Ask the Rabbi: Why Do Orthodox Jews Dress as They Do?

Ultra-Orthodox Jewish men and children of the Vizhnitz Hassidic sect pray on a hill overlooking the Mediterranean Sea as they participate in a Tashlich ceremony in Herzeliya, Israel, Monday, Oct. 10, 2016. (AP Photo/Ariel Schalit)

The question:

Can you go over the different clothing orthodox (Haredi) Jews wear and why? — A.R.

The answer:

The Torah makes certain requirements in terms of the way people are to be attired; beyond these requirements, certain other things have become customary depending upon the community one is identified with.

The fundamental requirement is that of modesty, which may be discerned from Genesis II, 7ff, when the first man and woman, deprived of their original innocence, realized that they were naked and made the first clothing.

The second requirement is stated in Deuteronomy XXII, 5:

Lo’ yihye chëli gever ‘al isha vëlo’ yilbash gever simlath isha, ki to‘avath HaShem Elo-hecha kol ‘osé élle.

A male article should not be on a woman, nor should a male wear the dress of a woman, for an abomination of Ha-Shem your G-d is anyone who does this.

In the modern world, this is usually interpreted to mean that women are expected to wear dresses and skirts, and men slacks and shirts. When the requirement of modesty is applied to this, the result is a tendency toward longer skirts and longer sleeves, though standards vary.

The Talmud (cf. e.g. Shabbath 156b and Qiddushin 31a) generally speaks approvingly of covering one’s head, especially during prayer, while engaged in Torah study, or while performing some specific act such as making a blessing. This has led to the general custom of wearing what is called in Hebrew a kippa, also known by the Yiddish terms koppel and yarmulka.

Although early codified halacha, strictly speaking, requires this head covering only during the occasions mentioned (cf. e.g. Rambam, Hilchoth Tëfilla V, 5), the Shulchan Aruch, Orach Chaim II, 6 recommends that one should not walk a distance of four ammoth with one’s head uncovered, and the Mishna Bërura (ibid., notes 9 and 10) rules that it has become the custom to cover one’s head constantly, even when standing or sitting still.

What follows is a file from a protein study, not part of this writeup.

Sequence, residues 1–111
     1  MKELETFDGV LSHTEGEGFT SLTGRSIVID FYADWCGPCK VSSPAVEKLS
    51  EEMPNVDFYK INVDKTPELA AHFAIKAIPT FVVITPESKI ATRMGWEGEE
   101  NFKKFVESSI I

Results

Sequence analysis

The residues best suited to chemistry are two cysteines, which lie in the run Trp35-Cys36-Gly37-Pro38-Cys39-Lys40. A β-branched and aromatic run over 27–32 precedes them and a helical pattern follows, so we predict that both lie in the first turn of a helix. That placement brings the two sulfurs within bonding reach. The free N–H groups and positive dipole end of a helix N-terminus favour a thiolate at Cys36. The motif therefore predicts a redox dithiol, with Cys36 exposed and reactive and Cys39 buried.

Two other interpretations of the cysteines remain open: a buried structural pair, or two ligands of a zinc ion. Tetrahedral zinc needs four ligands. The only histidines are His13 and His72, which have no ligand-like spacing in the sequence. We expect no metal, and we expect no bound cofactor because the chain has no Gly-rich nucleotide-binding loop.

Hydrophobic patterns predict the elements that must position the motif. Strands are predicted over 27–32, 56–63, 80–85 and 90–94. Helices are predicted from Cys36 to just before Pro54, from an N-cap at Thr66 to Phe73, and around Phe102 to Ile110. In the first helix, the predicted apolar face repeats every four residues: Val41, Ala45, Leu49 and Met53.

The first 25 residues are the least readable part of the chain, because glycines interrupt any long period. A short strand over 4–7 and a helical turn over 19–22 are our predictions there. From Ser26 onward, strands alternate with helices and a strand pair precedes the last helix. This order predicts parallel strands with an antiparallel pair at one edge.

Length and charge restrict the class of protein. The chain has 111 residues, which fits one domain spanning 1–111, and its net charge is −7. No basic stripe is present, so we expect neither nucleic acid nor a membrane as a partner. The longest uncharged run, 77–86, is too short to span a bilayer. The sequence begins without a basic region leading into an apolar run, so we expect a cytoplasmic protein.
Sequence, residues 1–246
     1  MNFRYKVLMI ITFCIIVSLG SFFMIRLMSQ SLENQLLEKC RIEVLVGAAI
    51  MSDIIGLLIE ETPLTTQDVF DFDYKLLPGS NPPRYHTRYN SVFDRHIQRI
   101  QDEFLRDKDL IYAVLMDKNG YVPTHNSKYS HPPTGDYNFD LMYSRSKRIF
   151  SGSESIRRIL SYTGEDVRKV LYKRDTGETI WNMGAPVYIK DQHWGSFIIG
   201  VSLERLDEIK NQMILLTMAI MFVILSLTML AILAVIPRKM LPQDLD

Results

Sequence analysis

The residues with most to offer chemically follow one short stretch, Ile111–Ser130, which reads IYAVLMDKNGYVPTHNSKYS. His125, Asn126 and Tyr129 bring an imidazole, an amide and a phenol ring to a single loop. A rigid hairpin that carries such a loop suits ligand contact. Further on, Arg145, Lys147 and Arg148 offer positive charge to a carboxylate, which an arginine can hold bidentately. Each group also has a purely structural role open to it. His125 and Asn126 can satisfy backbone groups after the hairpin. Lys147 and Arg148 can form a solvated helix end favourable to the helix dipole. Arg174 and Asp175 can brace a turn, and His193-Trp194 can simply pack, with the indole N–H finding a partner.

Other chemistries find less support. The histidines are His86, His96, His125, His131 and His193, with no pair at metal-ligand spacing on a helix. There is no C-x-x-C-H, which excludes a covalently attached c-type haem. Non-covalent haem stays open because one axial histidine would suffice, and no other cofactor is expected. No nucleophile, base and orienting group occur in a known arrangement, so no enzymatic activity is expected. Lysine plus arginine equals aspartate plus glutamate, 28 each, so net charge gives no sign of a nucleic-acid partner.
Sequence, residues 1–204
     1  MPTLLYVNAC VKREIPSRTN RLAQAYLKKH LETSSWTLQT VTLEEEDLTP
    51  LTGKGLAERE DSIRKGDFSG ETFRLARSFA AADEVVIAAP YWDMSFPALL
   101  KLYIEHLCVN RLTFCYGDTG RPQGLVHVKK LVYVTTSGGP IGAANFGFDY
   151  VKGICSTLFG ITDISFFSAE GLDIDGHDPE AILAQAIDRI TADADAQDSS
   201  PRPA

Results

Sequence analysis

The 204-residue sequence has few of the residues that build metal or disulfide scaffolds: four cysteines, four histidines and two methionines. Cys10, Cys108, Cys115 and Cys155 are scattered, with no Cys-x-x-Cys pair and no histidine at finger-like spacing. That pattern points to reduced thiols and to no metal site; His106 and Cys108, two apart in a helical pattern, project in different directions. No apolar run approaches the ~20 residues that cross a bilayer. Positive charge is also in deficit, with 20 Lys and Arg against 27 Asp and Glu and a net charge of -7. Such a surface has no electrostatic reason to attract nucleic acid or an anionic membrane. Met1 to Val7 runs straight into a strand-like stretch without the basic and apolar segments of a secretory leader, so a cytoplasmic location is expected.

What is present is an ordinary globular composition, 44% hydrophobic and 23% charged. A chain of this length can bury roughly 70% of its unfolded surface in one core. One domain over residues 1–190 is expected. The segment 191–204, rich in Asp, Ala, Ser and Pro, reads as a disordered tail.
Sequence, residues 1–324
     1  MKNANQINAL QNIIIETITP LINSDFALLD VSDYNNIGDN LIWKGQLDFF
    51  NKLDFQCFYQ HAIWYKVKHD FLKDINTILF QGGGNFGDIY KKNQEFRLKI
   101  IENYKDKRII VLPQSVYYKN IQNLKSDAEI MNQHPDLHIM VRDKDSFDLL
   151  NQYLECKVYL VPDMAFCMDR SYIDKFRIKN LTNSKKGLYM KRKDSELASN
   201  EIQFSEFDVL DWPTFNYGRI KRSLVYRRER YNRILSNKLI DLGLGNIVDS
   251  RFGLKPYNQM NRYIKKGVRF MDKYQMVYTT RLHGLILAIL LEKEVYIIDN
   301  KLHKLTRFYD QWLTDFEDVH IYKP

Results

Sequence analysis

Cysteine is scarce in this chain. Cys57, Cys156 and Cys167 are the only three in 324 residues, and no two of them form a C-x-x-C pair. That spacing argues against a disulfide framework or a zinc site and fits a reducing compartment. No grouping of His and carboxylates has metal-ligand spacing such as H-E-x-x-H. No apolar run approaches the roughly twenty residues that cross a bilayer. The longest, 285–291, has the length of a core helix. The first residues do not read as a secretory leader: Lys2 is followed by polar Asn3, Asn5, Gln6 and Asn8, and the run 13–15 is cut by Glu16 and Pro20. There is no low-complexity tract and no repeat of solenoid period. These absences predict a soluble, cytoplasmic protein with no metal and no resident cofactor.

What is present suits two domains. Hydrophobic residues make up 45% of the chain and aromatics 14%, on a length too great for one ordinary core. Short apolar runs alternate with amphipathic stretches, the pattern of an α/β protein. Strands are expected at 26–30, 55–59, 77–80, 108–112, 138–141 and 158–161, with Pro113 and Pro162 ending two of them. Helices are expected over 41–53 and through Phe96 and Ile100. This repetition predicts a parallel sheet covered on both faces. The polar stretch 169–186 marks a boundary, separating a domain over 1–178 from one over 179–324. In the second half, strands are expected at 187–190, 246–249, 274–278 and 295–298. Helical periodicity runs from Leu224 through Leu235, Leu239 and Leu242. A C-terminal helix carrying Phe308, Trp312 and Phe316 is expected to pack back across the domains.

There are many reasons adduced for this custom, such as: it shows respect or submission to G-d; it is a simple sign of the separation between the Jewish people and the rest of the world; it is affirmative affiliation as a religiously observant Jew (this from a responsum of Rabbi ‘Ovadya Yoséf, late Sefardic chief rabbi of Israel).

Kippoth come in numerous styles, depending upon the community one identifies with. Generally speaking, the crocheted versions tend to be worn by religious Zionists or those who consider themselves “modern orthodox”, while black cloth kippoth tend to be favored by those Jews adhering to the traditions of what are generally known as “Lithuanian” yëshivoth, and black velvet ones by adherents of various chasidic groups and religious Sefardim. There are nuances with all of these, but this covers the general run.

Orthodox Jewish married women generally also cover their hair, often wearing elaborate wigs called sheitelach, and on less formal occasions, a kerchief or other head covering.

It has also become customary among the most seriously religious segment of the Jewish world, which for want of a better term we can term chareidim, to wear hats and jackets while at prayer. For the Lithuanian yëshiva types, as well as adherents of the Lubavitcher chasidic group, these are generally ordinary fedoras. Chasidim wear various unique styles of headgear; on festive occasions, such as the sabbath, holidays and such family celebrations as weddings, many chasidic groups wear fur hats. These are of two general types, the most widespread being the shtreimel, which is basically constructed of a black velvet kippa with a ring of fur around it, and a spodik, which is more conical, and is generally worn by chasidim whose origin lies in that part of Poland which had been assigned to the Russian Empire at the Congress of Vienna in 1815. Most recently, some shtreimelach and spodikes are made of synthetic materials.

The origin of the custom is obscure, but the shtreimel is fraught with symbolism. Attributed to the 18th century chasidic authority Rabbi Pinchas Koretzer, for example, is the statement that the very word shabbath is an acronym for shtreimel bimqom tëfillin, shtreimel instead of tëfillin,” since the phylacteries worn during the morning prayers are customarily not worn on the sabbath or holidays. The number of components used to make the various types of shtreimelach equal the thirteen attributes of divine Mercy (cf. Exodus XXXIV, 6), the Hebrew word for life (chai), or the numerical equivalent of the Tetragrammaton, depending upon the intentions of the shtreimel-maker.

The same Jews who wear shtreimelach also generally wear long coats, usually black in color, called bekeshes. These, too, stem from eastern Europe. Many Jews of Jerusalem and environs wear white or colorful versions, which are usually called caftans. Important rabbis of the Lithuanian yëshiva world and Lubavitcher chasidim often wear a somewhat plainer version called a kapota.

All male Orthodox Jews wear a four-cornered garment called an arba kanfoth or talltih qatan with intricately tied cords at the corners called tzitzith. This is in line with the biblical commandment in Numbers XV, 38ff. The various knots and strands of the tzitzith, which add up to the number 613, are intended to remind the wearer constantly of the obligation to fulfill the 613 mitzvoth, or commandments, of the written Torah.

That, in brief, is the sartorial world of the Orthodox Jew.